While Lisenby has environmental concerns, others are questioning the maneuvers by town and county officials in trying to push forward this intake project. See this ‘Letter to the Editor’ by Deborah Greene, a conservative, and the liberal Watauga Watch blog.
Chair Nathan Miller described what was written in the Watauga Watch blog as lacking “credence and credibility” and denied that the sales-tax redistribution and water intake project are intertwined. Miller said the the “hybrid-deal” of the sales-tax redistribution that the Watauga County, Beech Mountain, Blowing Rock and Seven Deals agreed to has no bearing on this proposed intake project. He also denied that Four Eggers, who happens to be the attorney for both Watauga County and Beech Mountain, “is lobbying” the board for this project.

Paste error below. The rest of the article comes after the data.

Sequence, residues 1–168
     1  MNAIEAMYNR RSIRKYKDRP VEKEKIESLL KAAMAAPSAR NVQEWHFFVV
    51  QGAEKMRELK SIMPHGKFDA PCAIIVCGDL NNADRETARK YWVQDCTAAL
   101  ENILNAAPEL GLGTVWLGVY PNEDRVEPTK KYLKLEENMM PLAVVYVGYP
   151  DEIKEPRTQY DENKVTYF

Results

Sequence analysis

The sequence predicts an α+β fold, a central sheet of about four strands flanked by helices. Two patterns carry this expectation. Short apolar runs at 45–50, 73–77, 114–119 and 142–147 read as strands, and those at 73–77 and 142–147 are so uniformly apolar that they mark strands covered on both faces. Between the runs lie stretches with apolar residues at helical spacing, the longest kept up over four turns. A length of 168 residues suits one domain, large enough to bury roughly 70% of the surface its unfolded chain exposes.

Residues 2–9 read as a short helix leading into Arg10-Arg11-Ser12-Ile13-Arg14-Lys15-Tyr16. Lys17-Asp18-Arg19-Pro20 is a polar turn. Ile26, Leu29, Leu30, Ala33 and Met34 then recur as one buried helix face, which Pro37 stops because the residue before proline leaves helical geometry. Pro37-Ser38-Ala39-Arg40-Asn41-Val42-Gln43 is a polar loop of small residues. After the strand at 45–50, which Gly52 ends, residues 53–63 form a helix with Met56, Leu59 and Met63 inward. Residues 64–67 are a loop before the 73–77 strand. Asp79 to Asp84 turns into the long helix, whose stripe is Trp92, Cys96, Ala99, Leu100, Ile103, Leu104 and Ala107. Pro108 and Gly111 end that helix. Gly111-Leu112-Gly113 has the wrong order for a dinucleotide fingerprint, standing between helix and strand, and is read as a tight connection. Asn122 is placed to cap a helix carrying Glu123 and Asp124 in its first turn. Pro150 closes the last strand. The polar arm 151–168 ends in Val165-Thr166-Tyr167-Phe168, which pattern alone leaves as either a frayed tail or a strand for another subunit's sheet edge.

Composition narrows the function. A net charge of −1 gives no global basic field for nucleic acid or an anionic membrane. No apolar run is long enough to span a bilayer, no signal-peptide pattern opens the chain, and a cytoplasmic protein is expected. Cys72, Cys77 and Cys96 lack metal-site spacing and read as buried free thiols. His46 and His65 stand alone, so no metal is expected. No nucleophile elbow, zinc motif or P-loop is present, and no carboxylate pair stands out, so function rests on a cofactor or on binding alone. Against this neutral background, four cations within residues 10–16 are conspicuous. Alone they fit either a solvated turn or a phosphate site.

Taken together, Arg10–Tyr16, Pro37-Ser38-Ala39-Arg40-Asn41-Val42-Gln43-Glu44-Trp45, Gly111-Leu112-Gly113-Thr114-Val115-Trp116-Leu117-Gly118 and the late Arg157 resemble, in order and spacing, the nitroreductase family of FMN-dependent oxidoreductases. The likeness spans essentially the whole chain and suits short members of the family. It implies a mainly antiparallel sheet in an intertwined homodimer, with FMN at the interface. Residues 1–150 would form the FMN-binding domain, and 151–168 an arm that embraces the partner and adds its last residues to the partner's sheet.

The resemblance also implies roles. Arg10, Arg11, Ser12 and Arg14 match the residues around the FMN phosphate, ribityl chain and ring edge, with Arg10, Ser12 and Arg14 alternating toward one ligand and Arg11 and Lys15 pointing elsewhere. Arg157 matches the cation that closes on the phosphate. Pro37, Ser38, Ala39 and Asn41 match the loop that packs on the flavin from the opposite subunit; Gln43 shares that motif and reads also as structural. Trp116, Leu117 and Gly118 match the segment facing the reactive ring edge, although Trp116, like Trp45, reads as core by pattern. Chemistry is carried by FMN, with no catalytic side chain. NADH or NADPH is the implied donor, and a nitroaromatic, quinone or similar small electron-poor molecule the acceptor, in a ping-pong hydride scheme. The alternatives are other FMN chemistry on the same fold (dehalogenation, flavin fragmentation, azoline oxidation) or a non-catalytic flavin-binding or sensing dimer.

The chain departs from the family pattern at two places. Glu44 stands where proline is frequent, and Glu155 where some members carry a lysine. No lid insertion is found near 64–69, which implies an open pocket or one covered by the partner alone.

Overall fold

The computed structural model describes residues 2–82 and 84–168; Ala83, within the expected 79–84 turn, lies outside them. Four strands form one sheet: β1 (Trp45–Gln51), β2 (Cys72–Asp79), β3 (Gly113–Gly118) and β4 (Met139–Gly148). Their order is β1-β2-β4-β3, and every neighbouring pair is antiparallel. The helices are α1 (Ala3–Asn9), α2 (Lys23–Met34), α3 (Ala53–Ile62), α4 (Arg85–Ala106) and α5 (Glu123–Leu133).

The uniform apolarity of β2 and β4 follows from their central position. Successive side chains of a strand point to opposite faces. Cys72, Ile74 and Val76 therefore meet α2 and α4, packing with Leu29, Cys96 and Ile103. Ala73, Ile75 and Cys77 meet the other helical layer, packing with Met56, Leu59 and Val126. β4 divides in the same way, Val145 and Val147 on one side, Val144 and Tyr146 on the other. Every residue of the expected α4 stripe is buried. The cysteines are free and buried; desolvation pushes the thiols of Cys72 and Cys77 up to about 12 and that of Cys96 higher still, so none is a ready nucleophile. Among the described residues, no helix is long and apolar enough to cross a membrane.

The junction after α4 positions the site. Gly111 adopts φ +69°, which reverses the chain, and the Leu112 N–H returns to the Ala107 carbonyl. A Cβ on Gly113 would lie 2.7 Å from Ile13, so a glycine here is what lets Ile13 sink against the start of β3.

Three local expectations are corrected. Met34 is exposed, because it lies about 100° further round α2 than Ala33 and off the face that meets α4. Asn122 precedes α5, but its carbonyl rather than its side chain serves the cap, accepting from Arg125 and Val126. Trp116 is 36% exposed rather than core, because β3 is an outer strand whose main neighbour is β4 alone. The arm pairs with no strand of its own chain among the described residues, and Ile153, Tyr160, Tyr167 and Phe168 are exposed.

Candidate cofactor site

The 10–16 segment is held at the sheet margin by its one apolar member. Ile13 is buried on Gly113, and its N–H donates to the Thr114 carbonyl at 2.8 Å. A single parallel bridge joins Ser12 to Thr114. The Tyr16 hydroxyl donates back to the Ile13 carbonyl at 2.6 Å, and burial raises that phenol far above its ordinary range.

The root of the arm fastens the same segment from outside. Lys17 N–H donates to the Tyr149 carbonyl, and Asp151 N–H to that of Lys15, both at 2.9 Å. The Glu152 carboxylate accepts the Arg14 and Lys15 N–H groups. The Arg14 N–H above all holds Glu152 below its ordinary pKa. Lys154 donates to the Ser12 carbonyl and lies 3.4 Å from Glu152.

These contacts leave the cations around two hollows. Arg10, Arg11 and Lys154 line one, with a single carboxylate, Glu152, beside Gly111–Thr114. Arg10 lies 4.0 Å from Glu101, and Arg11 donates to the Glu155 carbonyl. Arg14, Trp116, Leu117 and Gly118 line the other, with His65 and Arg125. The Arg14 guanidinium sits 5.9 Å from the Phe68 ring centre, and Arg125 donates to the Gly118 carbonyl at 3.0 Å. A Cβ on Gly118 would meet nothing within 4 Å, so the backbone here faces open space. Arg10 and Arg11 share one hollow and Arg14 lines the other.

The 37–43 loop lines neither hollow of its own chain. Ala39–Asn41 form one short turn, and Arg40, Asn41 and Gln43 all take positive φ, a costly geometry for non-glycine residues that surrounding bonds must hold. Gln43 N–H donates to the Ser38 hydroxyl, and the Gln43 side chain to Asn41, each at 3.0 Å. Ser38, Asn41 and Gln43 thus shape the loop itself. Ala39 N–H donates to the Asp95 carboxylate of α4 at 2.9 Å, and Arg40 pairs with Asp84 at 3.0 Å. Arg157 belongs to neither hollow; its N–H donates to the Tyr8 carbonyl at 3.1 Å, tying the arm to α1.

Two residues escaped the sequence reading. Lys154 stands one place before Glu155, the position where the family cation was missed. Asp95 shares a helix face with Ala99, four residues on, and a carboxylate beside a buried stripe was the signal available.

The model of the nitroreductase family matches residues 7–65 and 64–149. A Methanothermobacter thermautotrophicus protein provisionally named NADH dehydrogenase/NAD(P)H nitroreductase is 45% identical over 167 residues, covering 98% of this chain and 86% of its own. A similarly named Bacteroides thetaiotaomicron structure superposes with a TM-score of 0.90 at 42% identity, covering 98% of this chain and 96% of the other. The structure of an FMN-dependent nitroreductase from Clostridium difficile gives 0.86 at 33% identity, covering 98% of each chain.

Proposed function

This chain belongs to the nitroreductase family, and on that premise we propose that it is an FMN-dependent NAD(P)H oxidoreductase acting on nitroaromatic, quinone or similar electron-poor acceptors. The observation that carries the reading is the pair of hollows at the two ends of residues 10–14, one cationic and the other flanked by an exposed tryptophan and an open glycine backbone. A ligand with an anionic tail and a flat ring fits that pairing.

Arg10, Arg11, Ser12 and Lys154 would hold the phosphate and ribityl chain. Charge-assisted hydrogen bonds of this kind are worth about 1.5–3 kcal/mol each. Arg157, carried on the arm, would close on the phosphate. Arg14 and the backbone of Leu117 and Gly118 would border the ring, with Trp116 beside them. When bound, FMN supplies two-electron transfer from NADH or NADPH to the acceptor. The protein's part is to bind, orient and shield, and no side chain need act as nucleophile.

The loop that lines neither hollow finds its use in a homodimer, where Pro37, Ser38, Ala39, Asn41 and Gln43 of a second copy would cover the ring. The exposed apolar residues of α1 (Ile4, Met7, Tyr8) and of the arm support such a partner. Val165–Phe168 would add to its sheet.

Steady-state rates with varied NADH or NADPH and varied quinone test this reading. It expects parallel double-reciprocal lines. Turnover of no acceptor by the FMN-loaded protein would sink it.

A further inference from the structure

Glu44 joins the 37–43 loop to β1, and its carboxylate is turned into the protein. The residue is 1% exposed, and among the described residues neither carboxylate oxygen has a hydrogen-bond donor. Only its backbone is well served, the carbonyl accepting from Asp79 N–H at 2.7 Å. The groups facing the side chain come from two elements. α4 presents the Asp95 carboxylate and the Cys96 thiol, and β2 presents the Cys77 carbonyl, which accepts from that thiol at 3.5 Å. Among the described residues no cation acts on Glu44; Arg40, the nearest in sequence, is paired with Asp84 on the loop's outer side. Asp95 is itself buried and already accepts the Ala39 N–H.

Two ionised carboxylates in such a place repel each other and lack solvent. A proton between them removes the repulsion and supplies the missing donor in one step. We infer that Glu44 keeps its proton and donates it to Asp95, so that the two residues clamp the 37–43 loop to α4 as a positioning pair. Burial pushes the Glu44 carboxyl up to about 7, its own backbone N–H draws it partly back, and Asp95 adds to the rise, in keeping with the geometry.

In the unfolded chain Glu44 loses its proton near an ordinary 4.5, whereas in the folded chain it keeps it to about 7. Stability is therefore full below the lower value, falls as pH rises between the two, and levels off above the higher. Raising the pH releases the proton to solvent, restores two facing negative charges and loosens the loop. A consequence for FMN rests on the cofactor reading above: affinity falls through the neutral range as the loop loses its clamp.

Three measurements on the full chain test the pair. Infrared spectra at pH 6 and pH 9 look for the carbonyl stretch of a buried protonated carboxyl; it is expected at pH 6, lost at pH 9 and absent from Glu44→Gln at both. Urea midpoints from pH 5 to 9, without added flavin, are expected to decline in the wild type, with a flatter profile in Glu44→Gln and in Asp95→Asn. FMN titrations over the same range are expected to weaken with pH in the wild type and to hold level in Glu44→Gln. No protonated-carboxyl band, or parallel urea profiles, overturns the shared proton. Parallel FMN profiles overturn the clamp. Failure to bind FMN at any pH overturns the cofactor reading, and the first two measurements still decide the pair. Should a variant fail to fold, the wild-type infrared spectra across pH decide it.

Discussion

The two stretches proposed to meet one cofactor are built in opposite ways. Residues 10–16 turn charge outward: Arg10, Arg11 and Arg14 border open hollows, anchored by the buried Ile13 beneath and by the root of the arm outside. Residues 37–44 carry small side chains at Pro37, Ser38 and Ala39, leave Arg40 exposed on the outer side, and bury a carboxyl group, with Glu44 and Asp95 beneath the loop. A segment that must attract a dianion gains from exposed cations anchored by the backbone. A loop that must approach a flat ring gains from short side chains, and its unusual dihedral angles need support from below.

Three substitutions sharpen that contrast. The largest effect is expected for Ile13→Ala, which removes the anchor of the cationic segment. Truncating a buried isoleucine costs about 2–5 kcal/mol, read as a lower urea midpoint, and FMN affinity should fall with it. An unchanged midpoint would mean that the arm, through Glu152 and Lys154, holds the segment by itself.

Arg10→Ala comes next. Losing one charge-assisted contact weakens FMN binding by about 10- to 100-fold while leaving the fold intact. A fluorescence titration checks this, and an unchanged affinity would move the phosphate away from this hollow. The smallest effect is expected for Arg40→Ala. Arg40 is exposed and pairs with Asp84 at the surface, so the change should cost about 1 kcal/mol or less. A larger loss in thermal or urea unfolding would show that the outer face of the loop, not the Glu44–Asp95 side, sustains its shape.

The commissioners will hear comments from the public on Tuesday, Dec. 17. The public hearing starts at 6 p.m. To read written comments from those not able to make the meeting and how the reclassification affects property owners, click here.
See the “Beech Mountain Water Grab” Facebook page here for more information as to why people oppose this project.
See Beech Mountain’s 2012 LWSP before the recent revisions here.
See Beech Mountain’s 2012 LWSP that was updated on Dec. 9 here.